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We Care – Lending a Helping Hand to Lakes Region Non-Profits

Temple B’nai Israel has been the heart of Jewish life in central New Hampshire for over 80 years with a strong legacy to Tzedakah, giving, and Tikkun Olam, repairing the world.   The congregation plays a positive role in the community at large and works to integrate social action/social justice into the fabric of TBI community life.  The goal is to give our members the opportunity to not only “be” Jewish, but to “do” Jewish.

In 2013 the TBI commitment to Tikkun Olam was expanded with the creation of the We Care committee which has donated over $100K to several different Lakes Region non-profit organizations through the We Care Concert series.  The TBI We Care team hires the talent, contracts the venue, coordinates the logistics, creates an aggressive marketing program, and oversees the performance for each event, allowing the beneficiary to relax and enjoy the show and the rewards.  The entire net proceeds of each concert are returned to the selected beneficiary for that concert.

We Care welcomes back Five O’Clock Shadow (focs.com), the award-winning Boston based a cappella group with a unique and energetic style.  FOCS last performed for We Care in 2019 to an enthusiastic packed house that resulted in many requests for a return performance in the Lakes Region.  With that in mind, We Care has contracted for Five O’Clock Shadow to perform on Saturday, October 23, 2021 at the newly renovated Colonial Theater (coloniallaconia.com) in Laconia.  The concert will benefit The Bridge House (tbhshelter.org), a homeless shelter and veterans support program in Plymouth, NH. 

Five O’Clock Shadow is comprised of six talented vocalists who are renowned for their harmonies and their ability to mimic musical instruments as they sing.  What began as a simple a cappella group morphed into a vocal powerhouse.  Their abilities take the art form of a cappella music to a new jaw-dropping level while maintaining a high level of musicality and innovation.  Don’t miss this chance to witness a revolutionary form of a cappella on October 23rd in Laconia.  

We Care will continue its dedication to build bonds with their partners in the community and to make meaningful contributions to the Lakes Region, through music, song and performance.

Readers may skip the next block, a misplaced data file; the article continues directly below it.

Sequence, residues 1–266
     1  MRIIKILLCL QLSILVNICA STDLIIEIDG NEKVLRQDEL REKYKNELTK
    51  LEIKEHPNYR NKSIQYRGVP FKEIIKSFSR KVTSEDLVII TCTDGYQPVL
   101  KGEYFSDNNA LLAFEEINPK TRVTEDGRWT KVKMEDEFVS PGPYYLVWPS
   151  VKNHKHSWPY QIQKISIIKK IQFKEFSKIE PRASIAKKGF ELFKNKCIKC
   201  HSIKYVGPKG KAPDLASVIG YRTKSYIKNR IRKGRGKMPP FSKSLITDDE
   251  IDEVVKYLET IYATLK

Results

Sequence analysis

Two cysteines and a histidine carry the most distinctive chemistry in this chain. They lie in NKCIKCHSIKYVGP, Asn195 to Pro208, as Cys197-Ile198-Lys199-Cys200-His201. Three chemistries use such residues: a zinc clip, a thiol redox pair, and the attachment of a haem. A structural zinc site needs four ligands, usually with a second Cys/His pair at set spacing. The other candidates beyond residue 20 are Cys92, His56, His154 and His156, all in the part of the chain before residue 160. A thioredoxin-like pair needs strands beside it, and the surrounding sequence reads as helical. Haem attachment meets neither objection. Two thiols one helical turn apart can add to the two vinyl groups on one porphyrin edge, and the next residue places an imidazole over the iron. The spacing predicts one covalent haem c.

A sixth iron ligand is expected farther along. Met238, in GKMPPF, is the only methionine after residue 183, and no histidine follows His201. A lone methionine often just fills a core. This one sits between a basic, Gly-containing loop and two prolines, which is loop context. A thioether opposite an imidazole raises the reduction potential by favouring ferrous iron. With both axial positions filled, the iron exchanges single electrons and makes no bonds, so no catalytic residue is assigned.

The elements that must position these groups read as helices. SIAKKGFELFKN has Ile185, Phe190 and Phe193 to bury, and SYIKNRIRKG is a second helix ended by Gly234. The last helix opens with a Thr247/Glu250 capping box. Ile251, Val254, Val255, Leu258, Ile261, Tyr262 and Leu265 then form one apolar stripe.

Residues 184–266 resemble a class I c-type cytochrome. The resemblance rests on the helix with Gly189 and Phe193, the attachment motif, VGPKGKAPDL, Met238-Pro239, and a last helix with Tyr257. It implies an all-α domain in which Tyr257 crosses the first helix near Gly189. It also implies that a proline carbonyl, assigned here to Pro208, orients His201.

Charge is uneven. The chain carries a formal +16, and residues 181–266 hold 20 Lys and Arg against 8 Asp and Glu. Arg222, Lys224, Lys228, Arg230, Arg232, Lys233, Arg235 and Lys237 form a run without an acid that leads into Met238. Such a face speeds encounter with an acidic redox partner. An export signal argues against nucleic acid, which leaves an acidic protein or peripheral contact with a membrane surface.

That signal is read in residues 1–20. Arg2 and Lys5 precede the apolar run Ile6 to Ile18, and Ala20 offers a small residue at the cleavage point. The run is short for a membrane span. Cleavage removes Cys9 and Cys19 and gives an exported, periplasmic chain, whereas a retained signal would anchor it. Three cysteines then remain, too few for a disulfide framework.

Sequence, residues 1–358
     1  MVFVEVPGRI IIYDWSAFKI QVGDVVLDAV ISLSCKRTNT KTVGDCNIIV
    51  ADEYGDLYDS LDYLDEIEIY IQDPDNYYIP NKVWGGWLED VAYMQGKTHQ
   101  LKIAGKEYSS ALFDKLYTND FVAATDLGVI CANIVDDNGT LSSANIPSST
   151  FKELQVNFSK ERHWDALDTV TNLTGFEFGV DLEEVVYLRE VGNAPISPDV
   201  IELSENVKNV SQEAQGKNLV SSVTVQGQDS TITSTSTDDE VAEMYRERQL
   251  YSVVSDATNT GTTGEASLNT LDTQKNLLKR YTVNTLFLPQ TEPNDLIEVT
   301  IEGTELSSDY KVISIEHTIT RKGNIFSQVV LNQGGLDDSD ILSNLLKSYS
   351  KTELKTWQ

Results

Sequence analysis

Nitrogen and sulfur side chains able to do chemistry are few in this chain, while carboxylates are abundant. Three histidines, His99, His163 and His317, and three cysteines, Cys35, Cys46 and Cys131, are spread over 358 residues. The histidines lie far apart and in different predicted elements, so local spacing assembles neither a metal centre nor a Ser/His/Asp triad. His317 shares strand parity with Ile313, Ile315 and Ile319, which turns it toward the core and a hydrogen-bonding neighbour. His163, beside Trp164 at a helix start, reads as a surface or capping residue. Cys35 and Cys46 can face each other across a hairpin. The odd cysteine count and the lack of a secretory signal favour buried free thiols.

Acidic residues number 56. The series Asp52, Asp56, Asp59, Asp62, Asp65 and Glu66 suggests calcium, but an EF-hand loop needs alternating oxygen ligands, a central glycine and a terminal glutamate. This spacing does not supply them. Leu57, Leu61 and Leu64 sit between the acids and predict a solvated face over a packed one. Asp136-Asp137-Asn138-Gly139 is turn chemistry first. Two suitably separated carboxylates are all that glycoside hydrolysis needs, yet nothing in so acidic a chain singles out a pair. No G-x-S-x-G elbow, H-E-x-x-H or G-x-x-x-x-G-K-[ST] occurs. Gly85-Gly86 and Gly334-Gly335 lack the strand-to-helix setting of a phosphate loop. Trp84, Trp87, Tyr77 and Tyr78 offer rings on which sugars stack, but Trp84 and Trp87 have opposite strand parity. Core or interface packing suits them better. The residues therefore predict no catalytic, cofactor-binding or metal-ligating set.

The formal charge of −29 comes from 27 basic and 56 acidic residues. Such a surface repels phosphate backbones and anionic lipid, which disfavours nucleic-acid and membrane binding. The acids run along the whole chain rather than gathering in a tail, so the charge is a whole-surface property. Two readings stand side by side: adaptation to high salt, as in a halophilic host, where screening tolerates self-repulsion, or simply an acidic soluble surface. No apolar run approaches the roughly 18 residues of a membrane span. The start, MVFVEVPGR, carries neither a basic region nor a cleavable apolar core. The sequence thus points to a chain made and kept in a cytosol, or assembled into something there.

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Thank You for a Record Setting Jewish Food Festival

The 2021 New Hampshire Jewish Food Festival, a celebration of the Jewish foods that come from recipes handed down from generation to generation, will go down as one of the most successful in its 24-year history.  On Tuesday, June 1st, the Jewish Food Festival opened for online orders on the Temple B’nai Israel website.  As the orders started piling up, the emails and texts were bouncing between food festival committee members who were astounded by the immediate and overwhelming number of orders placed on just the first day.  The ordering process continued until June 28th when the website officially closed after 233 orders were placed.  The success of this year’s Jewish Food Festival has been over the top, with thanks to the Lakes Region community and beyond.

This year, TBI introduced our own “Bubbie” (Yiddish for grandmother) to the Lakes Region with stories of the old country and tongue-in-cheek descriptions of the recipes and cooking processes.   (Click Here to read Bubbie’s Kitchen Adventures.)  As much fun as “Bubbie’s Kitchen Adventures” are to read, the real story behind the scenes in the TBI kitchen is an unfolding drama worthy of its own reality TV show.   Teams of congregation members, women and men, enjoy the camaraderie that naturally results when people come together with a purpose, for a cause.  Each recipe is carefully executed with precise proportions and exact processes in the small temple kitchen.  While the blintzes are frying or the strudels are baking, there are stories shared and world problems solved.  Mahjong helps pass the time as the aromas from the hot oven fill the adjacent social hall, waiting for the timer to ring. Take out one batch and put in the next. After the baking, cooking, or frying is done and the foods are cool enough, they must be packed, labeled and carefully stored in the many freezers which are located in closets, the basement, a wall here and a nook over there.  The location of each food, which freezer it’s in, and how many of every item is strategically noted and managed.  When the time comes to pick the orders for curbside, drive through delivery, there is no question where to find the matzah ball soup, the brisket, or the rugelach.